Difficulty, Danger, and Death. Have you ever played Dungeons & Dragons, like D&D 5e, and noticed how Monster Encounter Difficulty becomes increasingly unpredictable at high-level? Ever wondered why? Conversely, ever had a low-level Total Party Kill (TPK)? The traits that really make encounters in D&D 5e difficult or dangerous, don’t always boil down to Challenge Rating. What makes for Deadly Encounters? Using this guide, you as a Dungeon Master can better balance encounters, or just adjust difficulty up or down dramatically. And you as a D&D Player can approach the game more tactically. I contrast Apparent Challenge Rating and Actual Challenge Rating, and discuss Challenge Rating Instability. Beyond just Action Economy Parity, inspired by projects like The Monsters Know, I examine how Supplies, Schema, Status, Space, Structure, and Strategy all shape Game Balance.
Lost Worlds and Hidden Legacies.Ancient Ages and Entities. Prophecies and Relics. This week I want to delve into the mythology of “the Ancients”, an ancestral ur-myth common throughout cultures and fiction. A topic that fills the air with mystery and intrigue, wonder and excitement. So here’s a deep dive for all you worldbuilders, Dungeon Masters, and Game Masters developing fictional cultures. For all you players in tabletop RPGs like D&D and Pathfinder working on your character backstories. And for storytellers and mythology fans more generally too. Anyone building cultural backdrops and character backstories relating to an antique age, building either lore or plot. Check it out!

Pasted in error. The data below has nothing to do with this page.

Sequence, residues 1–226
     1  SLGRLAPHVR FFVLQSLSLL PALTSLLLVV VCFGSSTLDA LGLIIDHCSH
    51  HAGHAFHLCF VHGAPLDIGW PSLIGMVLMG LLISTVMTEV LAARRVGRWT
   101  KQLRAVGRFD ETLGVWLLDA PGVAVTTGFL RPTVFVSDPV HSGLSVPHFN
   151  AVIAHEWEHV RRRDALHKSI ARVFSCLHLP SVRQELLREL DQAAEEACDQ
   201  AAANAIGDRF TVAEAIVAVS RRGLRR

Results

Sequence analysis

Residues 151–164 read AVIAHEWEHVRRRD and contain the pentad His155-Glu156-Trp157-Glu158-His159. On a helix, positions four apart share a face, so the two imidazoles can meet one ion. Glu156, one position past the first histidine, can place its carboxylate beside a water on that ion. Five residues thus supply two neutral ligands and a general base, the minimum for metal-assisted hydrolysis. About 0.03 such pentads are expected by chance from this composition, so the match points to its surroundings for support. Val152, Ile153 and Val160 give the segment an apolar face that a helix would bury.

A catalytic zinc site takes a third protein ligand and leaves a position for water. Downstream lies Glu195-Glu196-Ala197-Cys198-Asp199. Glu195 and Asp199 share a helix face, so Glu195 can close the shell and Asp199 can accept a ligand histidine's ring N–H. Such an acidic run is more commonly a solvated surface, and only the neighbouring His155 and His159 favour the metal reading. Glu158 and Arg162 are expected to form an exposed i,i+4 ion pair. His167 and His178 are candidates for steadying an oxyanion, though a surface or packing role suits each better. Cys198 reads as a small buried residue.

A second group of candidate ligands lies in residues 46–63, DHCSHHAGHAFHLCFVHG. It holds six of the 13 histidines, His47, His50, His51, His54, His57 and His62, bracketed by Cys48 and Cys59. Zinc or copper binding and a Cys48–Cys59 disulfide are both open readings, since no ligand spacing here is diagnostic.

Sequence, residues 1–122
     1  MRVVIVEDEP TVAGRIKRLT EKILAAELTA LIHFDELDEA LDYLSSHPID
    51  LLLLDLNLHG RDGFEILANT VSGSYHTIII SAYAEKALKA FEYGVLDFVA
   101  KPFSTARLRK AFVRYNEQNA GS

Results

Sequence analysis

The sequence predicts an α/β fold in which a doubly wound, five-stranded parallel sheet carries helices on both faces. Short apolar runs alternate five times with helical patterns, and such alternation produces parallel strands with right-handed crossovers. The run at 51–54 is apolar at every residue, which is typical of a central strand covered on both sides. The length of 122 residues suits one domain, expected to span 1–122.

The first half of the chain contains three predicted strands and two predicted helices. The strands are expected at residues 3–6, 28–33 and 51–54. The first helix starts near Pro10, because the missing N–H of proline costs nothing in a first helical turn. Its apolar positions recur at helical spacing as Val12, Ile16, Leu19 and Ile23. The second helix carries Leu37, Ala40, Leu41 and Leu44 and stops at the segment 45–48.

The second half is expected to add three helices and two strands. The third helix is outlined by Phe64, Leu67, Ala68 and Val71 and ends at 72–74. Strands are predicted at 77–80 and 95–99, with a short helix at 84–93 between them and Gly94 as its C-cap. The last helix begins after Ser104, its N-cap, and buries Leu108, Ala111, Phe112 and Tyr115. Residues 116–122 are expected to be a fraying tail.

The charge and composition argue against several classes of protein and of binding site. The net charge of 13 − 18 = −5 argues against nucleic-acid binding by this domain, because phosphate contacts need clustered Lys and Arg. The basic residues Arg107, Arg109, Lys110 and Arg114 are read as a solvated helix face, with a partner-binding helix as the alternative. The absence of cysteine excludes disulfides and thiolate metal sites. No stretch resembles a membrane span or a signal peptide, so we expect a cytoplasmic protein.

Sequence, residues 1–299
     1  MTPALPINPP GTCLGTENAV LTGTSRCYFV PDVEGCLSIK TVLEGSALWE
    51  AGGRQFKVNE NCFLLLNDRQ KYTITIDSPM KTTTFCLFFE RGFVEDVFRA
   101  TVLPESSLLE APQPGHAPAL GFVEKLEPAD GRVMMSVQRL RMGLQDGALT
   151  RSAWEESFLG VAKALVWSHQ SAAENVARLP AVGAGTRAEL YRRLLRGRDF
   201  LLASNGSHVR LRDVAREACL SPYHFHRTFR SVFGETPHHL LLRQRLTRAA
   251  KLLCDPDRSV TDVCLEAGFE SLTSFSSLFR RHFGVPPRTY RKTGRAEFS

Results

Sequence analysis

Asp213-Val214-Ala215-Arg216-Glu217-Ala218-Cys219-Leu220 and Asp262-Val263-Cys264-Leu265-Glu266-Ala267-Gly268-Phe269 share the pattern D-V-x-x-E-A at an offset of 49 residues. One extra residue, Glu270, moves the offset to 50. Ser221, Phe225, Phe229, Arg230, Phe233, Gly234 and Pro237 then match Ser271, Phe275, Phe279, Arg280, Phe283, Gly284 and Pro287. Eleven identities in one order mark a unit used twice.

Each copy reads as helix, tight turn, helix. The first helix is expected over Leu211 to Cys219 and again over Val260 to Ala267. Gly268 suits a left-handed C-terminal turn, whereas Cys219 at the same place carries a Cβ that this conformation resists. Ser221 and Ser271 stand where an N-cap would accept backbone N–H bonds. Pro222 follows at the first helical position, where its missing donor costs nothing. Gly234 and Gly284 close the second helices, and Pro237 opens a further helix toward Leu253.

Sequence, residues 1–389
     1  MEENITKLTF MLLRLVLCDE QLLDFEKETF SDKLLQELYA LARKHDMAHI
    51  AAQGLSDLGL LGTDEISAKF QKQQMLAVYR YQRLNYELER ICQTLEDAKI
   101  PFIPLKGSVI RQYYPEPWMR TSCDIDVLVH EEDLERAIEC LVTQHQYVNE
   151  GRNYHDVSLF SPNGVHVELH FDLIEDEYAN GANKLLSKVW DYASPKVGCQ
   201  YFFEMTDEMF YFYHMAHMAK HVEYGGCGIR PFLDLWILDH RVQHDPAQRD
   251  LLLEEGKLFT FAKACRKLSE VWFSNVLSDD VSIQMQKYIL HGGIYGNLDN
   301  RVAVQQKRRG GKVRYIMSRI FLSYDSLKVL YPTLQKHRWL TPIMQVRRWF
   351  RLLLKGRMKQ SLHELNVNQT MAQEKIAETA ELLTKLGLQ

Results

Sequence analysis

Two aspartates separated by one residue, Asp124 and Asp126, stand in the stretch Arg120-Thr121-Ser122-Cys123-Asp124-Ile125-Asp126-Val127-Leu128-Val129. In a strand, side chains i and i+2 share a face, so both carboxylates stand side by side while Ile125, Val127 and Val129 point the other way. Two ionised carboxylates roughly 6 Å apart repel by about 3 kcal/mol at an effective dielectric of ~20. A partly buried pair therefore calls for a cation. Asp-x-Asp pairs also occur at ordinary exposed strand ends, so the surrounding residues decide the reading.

Gnomish Industrial Weapons. One part steampunk, one part mage, and one part redneck, Gnomes have captured the imagination of many a worldbuilder. After my post on Evil Overlord Lairs I wanted to make some new weapons for Dungeons & Dragons, D&D 5e specifically, that fit with my homebrew world of Yridia, where reclusive mountain Gnomes hide a latent post-cataclysmic industrialism. Occasionally, their recon and expeditionary forces encounter adventuring parties! Not intended for normal vendors or perfect game balance, Dungeon Masters can use these items against D&D players, or let them access some as unique magic weapons.
Grimdark. Grit. Glory. Welcome back, Outlander. Now that I’ve finished my series on the Occult, I want to share with you some thoughts I’ve stewed on for awhile on how Dungeon Masters can use aesthetics, settings, and themes for grittier gaming in D&D 5e, as well as mechanics and monsters that further this. Grittier worldbuilding and roleplaying. For this piece, I’ve focused on a dozen elements. Aesthetics: Garbage, Grime, Germs, and Gore. Settings: Goth, Ghosts, Gristle, and Grease. Themes: Grief, Gloom, Guts, and Glory. Many of these relate to one another, and the divisions may sometimes seem arbitrary, but stick with me here, you’ll find a lot to work with!